Programming assignment #2 help session - Polygon scan conversion with supersampling

CS 248 - Introduction to Computer Graphics
Autumn Quarter, 2000
Marc Levoy

1. Normal scan conversion

We will present two methods for supersampling scan conversion. One is a single-pass methods, and the other is a multi-pass method. But first, here is the normal scan-conversion process for comparison.

(1) (2)
Figure 1 Normal scan conversion (1) Source triangles with pixel centers as crosshairs. Note that sample locations (empty circles) coincide with pixel centers. (2) Scan converted image. We assume that hitting the edge of a triangle constitutes a 'hit'.

2. Supersampling pattern

If you are sampling at a density greater than the pixel density, you need some way to specify where those supersamples are located and how to combine them. Usually the locations (offsets from the pixel center) and the weights of the supersamples are the same for all pixels.

Figure 2 shows an example supersampling pattern. The crosshairs represent the pixel centers. The four circles surrounding the pixel centers are the supersamples associated with the pixel. For this pattern, each supersample is weighted equally. Since the weights for any supersampling pattern must add to 1, this means that for this pattern, each supersample has a weight of 1/4. This is the supersampling pattern that will be used in the remainder of this document.

Note that for this pattern, the supersamples form a regular grid. This need not be the case for other patterns.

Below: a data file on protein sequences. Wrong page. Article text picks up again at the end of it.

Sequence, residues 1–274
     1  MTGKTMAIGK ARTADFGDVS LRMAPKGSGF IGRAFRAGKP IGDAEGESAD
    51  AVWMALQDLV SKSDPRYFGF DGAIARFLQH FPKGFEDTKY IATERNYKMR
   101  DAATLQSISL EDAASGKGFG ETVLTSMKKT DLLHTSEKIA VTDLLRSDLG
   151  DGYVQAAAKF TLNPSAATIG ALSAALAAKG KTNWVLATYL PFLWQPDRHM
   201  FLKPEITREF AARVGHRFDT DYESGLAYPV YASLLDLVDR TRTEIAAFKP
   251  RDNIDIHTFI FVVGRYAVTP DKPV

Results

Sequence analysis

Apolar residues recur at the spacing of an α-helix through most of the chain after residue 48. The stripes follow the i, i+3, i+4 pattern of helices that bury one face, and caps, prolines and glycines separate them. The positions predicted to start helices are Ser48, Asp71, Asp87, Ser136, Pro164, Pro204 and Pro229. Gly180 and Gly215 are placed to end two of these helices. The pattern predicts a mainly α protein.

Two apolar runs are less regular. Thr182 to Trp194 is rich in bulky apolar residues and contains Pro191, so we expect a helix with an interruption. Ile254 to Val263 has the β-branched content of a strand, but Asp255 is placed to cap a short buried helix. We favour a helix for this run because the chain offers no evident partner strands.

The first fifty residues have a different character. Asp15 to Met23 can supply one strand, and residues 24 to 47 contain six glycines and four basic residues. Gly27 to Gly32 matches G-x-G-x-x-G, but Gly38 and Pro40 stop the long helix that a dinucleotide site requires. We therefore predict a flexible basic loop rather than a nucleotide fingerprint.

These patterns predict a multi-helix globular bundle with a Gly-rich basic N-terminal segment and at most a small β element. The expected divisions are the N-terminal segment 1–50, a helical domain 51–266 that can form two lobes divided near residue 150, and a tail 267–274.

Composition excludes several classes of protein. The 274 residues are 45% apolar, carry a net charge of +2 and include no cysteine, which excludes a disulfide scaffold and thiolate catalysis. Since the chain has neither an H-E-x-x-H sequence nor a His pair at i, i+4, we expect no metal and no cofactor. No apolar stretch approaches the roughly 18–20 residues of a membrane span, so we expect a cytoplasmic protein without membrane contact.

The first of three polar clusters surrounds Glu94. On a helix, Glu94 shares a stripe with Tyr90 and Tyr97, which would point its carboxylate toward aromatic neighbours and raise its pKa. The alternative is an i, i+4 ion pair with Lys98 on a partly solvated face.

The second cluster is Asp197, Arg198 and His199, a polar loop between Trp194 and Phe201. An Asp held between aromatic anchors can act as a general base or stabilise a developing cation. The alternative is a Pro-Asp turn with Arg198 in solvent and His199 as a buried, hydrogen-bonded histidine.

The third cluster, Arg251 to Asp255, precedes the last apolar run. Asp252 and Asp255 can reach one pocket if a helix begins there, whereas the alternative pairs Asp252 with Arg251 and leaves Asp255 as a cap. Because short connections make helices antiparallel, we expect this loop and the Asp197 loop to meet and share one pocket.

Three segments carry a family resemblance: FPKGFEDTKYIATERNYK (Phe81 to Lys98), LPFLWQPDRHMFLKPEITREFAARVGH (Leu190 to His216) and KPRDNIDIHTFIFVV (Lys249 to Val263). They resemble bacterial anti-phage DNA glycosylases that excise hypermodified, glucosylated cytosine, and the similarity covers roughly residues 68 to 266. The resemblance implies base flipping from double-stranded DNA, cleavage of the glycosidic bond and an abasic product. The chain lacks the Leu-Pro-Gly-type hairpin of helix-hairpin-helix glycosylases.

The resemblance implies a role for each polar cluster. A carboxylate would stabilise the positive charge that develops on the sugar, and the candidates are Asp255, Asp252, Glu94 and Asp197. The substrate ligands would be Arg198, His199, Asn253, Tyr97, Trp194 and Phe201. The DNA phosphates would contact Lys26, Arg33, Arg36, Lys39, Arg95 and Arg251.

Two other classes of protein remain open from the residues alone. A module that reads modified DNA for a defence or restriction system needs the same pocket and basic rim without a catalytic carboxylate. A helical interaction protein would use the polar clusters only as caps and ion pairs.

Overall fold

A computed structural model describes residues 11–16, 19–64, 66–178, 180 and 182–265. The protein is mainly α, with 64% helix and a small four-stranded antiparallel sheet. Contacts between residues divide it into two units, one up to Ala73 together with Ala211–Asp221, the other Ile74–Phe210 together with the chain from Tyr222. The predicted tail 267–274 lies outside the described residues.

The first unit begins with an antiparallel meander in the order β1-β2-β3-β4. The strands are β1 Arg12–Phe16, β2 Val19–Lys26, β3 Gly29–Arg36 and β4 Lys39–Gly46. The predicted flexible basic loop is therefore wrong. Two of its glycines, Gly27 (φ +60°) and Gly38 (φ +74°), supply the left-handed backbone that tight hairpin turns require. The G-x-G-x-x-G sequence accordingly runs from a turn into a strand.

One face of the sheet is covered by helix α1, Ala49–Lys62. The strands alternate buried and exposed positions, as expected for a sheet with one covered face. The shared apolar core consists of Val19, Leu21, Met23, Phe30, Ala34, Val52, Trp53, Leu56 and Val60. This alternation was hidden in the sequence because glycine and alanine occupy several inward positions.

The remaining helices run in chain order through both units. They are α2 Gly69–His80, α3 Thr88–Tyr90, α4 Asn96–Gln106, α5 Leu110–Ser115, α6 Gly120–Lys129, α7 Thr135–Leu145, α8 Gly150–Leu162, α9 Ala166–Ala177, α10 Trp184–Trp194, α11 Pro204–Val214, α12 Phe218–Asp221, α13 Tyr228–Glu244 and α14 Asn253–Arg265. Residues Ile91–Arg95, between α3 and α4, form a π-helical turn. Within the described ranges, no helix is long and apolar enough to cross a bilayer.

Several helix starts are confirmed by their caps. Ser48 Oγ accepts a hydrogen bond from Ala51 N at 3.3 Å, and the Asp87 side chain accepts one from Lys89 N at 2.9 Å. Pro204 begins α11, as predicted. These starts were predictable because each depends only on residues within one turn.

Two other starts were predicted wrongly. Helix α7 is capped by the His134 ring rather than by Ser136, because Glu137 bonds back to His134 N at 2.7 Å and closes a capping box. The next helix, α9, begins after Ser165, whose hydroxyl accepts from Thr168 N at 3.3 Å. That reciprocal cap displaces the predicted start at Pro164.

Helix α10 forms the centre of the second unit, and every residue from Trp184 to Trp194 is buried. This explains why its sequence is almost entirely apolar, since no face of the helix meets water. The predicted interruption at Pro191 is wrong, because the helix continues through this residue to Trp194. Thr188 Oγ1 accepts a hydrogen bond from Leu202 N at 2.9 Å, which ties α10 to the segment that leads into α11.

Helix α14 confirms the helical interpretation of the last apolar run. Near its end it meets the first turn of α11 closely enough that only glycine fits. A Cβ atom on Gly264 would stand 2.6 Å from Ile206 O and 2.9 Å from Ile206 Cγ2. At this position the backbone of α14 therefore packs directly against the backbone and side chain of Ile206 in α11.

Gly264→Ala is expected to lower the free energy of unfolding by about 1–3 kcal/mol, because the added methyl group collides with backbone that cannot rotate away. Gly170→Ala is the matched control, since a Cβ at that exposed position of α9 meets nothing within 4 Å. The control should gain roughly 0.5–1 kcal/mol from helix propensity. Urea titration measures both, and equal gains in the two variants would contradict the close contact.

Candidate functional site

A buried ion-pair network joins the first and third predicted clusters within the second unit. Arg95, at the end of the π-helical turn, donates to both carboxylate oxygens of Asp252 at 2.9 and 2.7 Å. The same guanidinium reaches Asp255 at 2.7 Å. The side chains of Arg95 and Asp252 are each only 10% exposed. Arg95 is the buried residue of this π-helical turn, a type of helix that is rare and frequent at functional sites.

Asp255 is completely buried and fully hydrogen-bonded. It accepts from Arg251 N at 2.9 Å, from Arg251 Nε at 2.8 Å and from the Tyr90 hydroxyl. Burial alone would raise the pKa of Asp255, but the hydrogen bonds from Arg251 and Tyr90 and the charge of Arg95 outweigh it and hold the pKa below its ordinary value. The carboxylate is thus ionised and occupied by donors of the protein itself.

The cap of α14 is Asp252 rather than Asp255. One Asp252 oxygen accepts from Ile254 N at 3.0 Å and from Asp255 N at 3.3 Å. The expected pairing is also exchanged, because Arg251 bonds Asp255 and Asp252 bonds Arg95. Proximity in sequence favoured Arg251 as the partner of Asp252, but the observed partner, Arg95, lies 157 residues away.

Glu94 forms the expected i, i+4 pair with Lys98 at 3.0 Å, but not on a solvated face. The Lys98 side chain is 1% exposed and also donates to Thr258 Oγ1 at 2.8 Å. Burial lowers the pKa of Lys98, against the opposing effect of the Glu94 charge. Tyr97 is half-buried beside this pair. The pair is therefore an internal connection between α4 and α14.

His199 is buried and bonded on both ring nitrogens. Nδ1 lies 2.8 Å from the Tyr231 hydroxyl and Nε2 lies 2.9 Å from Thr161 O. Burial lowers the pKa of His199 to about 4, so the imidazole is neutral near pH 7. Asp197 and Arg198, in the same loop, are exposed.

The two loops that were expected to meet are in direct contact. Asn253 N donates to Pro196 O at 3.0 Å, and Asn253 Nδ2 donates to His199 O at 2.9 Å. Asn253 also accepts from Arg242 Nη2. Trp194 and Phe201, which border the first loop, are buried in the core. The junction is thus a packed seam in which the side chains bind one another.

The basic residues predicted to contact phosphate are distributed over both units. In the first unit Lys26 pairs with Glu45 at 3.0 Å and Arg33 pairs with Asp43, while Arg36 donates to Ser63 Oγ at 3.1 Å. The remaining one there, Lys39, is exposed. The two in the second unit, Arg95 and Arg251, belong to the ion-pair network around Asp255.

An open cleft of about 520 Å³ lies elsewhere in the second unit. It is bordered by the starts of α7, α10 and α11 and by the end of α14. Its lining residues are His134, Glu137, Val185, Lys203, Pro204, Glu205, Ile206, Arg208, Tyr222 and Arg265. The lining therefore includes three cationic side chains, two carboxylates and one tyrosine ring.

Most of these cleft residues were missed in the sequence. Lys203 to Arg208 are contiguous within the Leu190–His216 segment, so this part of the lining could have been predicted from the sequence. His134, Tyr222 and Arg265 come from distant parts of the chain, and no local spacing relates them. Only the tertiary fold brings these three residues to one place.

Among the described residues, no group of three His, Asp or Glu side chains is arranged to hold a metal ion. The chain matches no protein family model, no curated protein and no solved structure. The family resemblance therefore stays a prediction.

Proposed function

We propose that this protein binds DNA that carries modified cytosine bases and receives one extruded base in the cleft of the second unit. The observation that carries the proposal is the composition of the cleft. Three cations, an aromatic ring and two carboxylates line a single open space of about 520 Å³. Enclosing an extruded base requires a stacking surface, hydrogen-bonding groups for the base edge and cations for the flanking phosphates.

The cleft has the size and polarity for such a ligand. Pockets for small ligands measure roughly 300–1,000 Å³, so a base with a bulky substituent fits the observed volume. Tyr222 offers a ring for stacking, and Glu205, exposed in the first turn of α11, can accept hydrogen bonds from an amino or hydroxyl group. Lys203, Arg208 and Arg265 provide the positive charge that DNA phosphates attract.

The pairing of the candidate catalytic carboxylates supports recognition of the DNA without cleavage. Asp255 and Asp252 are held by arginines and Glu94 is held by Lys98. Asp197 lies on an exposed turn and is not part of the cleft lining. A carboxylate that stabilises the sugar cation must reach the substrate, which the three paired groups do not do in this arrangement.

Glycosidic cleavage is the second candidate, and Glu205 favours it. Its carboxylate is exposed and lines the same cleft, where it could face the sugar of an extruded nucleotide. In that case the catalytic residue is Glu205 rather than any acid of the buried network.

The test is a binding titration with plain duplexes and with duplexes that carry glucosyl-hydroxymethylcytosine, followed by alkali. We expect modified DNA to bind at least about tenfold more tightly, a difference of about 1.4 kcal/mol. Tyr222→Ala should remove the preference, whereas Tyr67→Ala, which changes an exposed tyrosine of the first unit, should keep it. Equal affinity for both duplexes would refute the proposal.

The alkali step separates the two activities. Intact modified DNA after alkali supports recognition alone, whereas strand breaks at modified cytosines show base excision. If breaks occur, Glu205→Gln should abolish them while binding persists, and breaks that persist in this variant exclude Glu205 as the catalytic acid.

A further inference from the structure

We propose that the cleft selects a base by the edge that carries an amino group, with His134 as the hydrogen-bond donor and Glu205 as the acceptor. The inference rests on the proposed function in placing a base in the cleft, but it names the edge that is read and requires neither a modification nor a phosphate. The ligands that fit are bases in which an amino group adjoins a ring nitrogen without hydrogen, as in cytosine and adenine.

Figure 2 An example supersampling pattern. Pixel centers are represented as crosshairs. Supersample locations are represented as empty circles.

3. Single-pass supersampling scan conversion

A single-pass supersampling scan conversion process is composed of the following steps:
  1. The triangles are sampled at all the supersample locations. The pixels generated by the scan conversion are stored in a dense array which is s times the size of the final picture array, where s is the number of supersample positions per pixel.
  2. Set each pixel in the final antialiased image equal to the weighted average of the values of the s supersamples corresponding to that pixel. For the supersampling pattern given in section 2, set:
          canvas[pixel] := denseimage[pixel][supersample1] / 4
                         + denseimage[pixel][supersample2] / 4
                         + denseimage[pixel][supersample3] / 4
                         + denseimage[pixel][supersample4] / 4
In general, if the supersampling pattern contains s supersamples and the image contains p pixels, we would need:

(1) (2) (3) (4)